Weil, the former Labor Department official, cautions that his information is limited and that determining whether someone is a contractor or employee is a complex undertaking. Much depends, he says, on how much control a given company has over pricing, customers, hours and the services delivered. But based on what he knows of VIPKid, Weil says, the startup’s teachers are “more likely than not employees” under the Fair Labor Standards Act. Whatever the legalities and potential policy prescriptions, the debate isn’t going away. After Heitman’s post, emotions about her treatment ran hot. “You fired somebody because her daughter died?” Emily Weaver, 38, another U.S. teacher at the company, said in an interview. “What happens to me if I get in a car accident or something else happens?”
Another teacher told how she taught classes from her hospital bed the day she gave birth for fear of losing her job. Another said she had an emergency appendectomy, but taught two days later in case the company didn’t view her illness as serious enough to warrant skipping classes. A third woman says she was hospitalized for migraines, filed proof with VIPKid but then learned that wasn’t strong enough to miss class.The company says that this month it began to allow teachers to cancel classes 24 hours ahead of time with no penalty for emergencies under a so-called medium cancellation policy. They can also scrap classes within 24 hours, but pay a financial penalty to do so. The new medium cancellations do not count against the six allowed per contract, the company said.
It’s not clear whether any of this will affect VIPKid’s ability to recruit American teachers, which it touts as a key advantage to Chinese parents. Ratings on Glassdoor, a website for workers to share their experiences with employers, have dropped to 3.9 stars from a near-perfect 5 early last year. On the same site, 75 percent of reviewers said they would recommend it to a friend, while 84 percent approve of CEO Cindy Mi. Shannon Mabry, a 28-year-old who runs an 11,000-member Facebook group for VIPKid teachers says the vast majority of teachers are happy with the company. Heitman is no firebrand. She wrote about her experience online only because she wanted to figure out when she could reapply to VIPKid. After the apology and reinstatement, she’s ready to move on. “I was hurt at first, but we worked it through,” she says. “I know they’re a young company.”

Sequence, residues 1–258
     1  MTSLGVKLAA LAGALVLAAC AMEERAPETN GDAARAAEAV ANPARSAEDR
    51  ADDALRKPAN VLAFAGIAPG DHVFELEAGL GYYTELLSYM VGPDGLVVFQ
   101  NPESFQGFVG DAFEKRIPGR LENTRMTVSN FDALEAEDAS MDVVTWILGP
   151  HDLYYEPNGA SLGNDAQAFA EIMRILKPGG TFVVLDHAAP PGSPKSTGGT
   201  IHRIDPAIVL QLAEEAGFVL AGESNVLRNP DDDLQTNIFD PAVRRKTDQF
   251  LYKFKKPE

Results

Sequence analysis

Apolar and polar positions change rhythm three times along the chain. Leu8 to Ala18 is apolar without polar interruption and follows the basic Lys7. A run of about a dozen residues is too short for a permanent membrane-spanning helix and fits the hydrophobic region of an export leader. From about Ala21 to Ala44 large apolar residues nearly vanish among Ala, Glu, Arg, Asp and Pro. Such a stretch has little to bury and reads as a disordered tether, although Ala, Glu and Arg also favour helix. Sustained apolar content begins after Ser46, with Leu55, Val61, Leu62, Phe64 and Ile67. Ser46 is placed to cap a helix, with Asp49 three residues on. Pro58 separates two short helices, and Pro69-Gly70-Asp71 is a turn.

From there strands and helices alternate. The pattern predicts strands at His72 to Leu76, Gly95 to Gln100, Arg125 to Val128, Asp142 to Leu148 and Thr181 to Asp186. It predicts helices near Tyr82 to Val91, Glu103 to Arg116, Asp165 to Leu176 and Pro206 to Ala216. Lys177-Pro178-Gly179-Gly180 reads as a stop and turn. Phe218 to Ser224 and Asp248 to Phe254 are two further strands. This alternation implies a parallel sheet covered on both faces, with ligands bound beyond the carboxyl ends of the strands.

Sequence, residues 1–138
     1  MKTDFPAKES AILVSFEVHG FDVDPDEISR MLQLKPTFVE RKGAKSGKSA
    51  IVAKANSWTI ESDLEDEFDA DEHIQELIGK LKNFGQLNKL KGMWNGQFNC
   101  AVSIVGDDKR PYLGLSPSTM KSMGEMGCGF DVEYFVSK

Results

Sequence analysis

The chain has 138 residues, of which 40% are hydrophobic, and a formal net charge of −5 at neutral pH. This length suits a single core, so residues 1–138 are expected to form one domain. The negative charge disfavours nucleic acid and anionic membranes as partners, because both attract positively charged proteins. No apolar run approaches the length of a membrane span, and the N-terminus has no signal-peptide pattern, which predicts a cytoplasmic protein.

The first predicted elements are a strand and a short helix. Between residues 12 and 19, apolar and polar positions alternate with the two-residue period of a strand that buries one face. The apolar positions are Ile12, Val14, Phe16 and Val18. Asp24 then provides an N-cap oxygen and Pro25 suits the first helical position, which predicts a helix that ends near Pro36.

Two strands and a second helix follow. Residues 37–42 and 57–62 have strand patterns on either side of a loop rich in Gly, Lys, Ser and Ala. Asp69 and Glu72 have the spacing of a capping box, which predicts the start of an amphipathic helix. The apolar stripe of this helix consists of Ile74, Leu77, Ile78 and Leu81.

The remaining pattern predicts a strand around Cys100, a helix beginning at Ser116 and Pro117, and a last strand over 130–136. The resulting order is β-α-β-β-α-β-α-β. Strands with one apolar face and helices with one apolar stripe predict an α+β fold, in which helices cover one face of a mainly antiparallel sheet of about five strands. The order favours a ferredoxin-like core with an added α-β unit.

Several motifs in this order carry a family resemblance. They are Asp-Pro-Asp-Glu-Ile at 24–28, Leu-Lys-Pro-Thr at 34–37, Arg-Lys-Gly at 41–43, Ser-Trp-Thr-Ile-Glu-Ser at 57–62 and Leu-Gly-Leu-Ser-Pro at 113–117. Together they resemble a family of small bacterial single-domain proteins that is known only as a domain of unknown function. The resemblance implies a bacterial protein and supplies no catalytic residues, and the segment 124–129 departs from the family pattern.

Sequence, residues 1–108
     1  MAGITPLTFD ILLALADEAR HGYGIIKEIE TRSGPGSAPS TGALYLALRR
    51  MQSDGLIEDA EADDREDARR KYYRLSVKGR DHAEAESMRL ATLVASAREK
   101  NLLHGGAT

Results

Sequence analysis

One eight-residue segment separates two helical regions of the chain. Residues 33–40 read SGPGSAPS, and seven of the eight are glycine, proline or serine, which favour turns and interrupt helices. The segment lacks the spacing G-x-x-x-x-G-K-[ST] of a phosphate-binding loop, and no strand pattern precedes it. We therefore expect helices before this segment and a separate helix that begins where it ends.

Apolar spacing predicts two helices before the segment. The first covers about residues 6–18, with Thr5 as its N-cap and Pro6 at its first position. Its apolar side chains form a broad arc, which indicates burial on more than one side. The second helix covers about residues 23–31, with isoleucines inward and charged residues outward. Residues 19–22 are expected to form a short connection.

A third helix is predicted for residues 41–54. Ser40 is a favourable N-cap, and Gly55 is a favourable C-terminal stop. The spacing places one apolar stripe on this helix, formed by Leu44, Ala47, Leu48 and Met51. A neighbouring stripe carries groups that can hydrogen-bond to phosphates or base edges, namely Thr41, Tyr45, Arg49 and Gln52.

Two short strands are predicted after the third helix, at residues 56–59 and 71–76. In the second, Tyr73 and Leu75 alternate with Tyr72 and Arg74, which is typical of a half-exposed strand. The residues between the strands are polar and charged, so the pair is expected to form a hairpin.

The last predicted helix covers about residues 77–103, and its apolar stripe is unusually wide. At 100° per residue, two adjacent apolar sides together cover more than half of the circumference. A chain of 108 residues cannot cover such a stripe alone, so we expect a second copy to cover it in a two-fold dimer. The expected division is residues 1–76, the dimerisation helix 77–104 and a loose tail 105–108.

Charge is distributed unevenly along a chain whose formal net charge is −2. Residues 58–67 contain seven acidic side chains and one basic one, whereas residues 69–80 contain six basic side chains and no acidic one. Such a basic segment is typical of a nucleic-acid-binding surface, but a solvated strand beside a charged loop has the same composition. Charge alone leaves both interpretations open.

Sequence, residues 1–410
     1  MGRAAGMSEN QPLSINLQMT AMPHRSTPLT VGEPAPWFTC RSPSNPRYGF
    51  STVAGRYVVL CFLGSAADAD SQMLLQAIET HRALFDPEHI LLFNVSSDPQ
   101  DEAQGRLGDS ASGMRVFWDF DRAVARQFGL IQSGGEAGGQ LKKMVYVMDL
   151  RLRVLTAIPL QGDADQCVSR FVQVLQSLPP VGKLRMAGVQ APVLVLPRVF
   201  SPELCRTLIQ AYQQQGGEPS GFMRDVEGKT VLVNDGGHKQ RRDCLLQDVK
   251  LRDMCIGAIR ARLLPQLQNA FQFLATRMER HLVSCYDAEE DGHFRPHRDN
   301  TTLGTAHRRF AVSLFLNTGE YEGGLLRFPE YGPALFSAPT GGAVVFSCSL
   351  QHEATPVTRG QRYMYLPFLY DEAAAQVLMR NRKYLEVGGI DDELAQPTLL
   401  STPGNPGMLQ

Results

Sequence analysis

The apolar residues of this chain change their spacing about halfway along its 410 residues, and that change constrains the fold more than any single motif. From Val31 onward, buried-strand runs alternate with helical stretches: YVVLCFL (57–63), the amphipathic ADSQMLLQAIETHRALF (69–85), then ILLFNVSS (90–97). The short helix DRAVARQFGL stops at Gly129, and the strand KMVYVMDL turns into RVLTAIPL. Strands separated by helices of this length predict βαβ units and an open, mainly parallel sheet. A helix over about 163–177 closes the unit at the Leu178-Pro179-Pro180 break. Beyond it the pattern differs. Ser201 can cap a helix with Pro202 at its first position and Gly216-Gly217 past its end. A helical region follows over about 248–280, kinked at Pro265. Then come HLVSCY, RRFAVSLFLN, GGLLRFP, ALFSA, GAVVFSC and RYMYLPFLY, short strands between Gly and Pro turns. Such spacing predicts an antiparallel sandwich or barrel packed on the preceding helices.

Sentiment has shifted though. VIPKid is a company that teachers have raved about, praising its management, curriculum and flexibility in giving chronically underpaid American teachers a way to make extra money on their own schedule. But some workers now think the company has to loosen its policies—or face pressure to classify them as employees. “It’s a really big deal if a company gets caught misclassifying workers,” says Weaver, who has worked as a contractor much of her entire career and says she checked the company’s practices against state and federal criteria. VIPKid says it’s open to more input. “We are constantly searching for ways to improve the VIPKID experience for both students and teachers, and we welcome any and all feedback from the teacher community to help us achieve that goal,’’ Adam Steinberg, a spokesman for the company, said in a statement.